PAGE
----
The Trump administration will end temporary legal immigration status for hundreds of thousands of Salvadorans who have been living in the United States since 2001. The decision could upend the lives of thousands of U.S.-born, school-age children in U.S. K-12 schools. How many children would be affected is unclear, but the Migration Policy Institute, a Washington-based research group, estimates that the decision could alter the immigration status of as many as one in every five Salvadoran immigrants living in the United States.
Spokane teacher Mandy Manning, who works at the Newcomer Center at Ferris High, is one of four finalists in the 2018 National Teacher of the Year competition. She was named Washington Teacher of the Year in September. Manning teaches English and math to refugee and immigrant students.
Columnist Andre Perry writes, "Broken boiler heaters forced numerous students in Baltimore to learn in freezing conditions and once again put Baltimore under scrutiny for its treatment of black residents. Students shivering in winter coats while trying to learn is horrific in itself, but the malfunctioning boilers are a metaphor for the wider problems with the criminal justice systems, schools, housing and economic development plans in the 'Charm City.'"
Jacqueline Woodson has been named the sixth National Ambassador for Young People’s Literature. Woodson, a four-time Newbery Honor Medalist, Coretta Scott King Book Award winner, former Young People's Poet Laureate, and National Book Award Winner for her memoir in verse, Brown Girl Dreaming (Penguin, 2014), succeeds Gene Luen Yang in the position. The ambassadorship is jointly sponsored by the Children’s Book Council, Every Child a Reader, and the Library of Congress (LC). Ambassadors identify a platform for their two-year term, and Woodson has selected the phrase READING = HOPE x CHANGE (What's Your Equation?).
As the deadline for the end of Deferred Action for Childhood Arrivals nears, each week hundreds of young people who were brought to the United States illegally by their parents are losing the permits that allow them to legally work and stay in the country. The lack of progress and looming deadline has left undocumented residents, many of whom teach and learn in the nation's K-12 schools, in a state of constant uncertainty, with a sense of hopelessness already setting in for some.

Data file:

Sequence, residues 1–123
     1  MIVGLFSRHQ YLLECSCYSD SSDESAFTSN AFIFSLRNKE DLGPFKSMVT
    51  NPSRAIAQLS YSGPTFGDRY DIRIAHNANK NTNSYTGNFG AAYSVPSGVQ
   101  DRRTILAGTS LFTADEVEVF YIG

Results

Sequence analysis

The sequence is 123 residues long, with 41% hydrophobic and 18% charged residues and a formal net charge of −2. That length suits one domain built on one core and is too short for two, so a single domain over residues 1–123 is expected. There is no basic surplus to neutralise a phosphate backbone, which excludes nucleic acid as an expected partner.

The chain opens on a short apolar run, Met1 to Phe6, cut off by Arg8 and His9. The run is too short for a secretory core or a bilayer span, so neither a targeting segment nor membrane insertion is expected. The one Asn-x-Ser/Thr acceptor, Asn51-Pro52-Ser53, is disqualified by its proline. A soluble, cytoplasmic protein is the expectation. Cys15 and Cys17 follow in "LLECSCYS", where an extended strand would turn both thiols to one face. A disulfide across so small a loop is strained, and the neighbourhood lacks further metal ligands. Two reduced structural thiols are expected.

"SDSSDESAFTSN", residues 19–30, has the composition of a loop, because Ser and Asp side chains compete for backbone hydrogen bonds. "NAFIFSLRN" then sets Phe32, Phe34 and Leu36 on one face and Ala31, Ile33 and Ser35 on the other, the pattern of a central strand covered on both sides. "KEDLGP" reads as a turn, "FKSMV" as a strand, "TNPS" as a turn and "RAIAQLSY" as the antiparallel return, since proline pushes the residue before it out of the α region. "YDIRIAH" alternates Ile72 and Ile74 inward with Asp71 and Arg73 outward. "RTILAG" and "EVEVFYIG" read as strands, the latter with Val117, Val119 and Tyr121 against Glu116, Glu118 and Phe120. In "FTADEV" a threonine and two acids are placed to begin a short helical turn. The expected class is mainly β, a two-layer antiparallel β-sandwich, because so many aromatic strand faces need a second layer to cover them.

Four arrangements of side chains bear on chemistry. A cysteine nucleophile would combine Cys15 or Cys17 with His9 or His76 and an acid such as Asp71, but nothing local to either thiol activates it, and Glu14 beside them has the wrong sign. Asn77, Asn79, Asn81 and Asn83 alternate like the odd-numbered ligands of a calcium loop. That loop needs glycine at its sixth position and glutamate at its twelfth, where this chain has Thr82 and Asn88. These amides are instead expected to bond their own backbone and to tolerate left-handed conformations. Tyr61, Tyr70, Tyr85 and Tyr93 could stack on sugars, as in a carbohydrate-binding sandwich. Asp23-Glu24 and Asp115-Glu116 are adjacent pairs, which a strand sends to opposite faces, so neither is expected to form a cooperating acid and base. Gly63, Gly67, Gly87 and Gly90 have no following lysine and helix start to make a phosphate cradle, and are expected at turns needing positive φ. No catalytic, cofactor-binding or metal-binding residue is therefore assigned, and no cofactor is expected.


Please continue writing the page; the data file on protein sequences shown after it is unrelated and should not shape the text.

On Sept. 20, Hurricane Maria devastated Puerto Rico, initially wiping out electricity and cellular reception on the entire island and causing billions of dollars in structural damage. Nearly four months later, much of the island still has no power and there are debates over the official death toll. Although the island officially reopened its doors to tourism last month, locals and natives note that the Christmas holiday was understandably scaled back compared to years past. But while Christmas was subdued, morale on the island was being re-energized by this weekend's celebration of Three Kings Day.
A federal judge has issued a final judgment, blocking an Arizona state law that prompted the dismantling of a Mexican-American history program in Tucson's largest school district. Judge Wallace Tashima in a ruling issued Wednesday declared the law unconstitutional, effectively blocking state education officials from restricting ethnic studies programs in the Tucson Unified School District.
Dual-immersion seems to be good at everything — for everybody. It’s popular with English-dominant families, it's good for ELs, it's effective at promoting integration and multilingualism. But — and here's the rub — if a two-way dual-immersion program helps generate middle-class interest in multilingualism, that dynamic could also undermine the program’s design and effectiveness. What happens when rising demand from privileged families starts pushing English learners out of these programs? Advocates for educational equity are already seeing this specific problem play out in their communities.
The most significant change for schools in the Republican tax reform plan is likely how state and local taxes are handled because of its potential impact on school funding. But why? And where could it have the greatest impact? Buckle up.
Each year, states publish "report cards" on student performance in K-12 education, as measured by math and reading tests, graduation rates, and other key indicators. For the public, this information provides a critical snapshot of school quality. Now, as states shift to the implementation of the Every Student Succeeds Act (ESSA) of 2015, federal law requires these report cards to include more meaningful data on English learner students.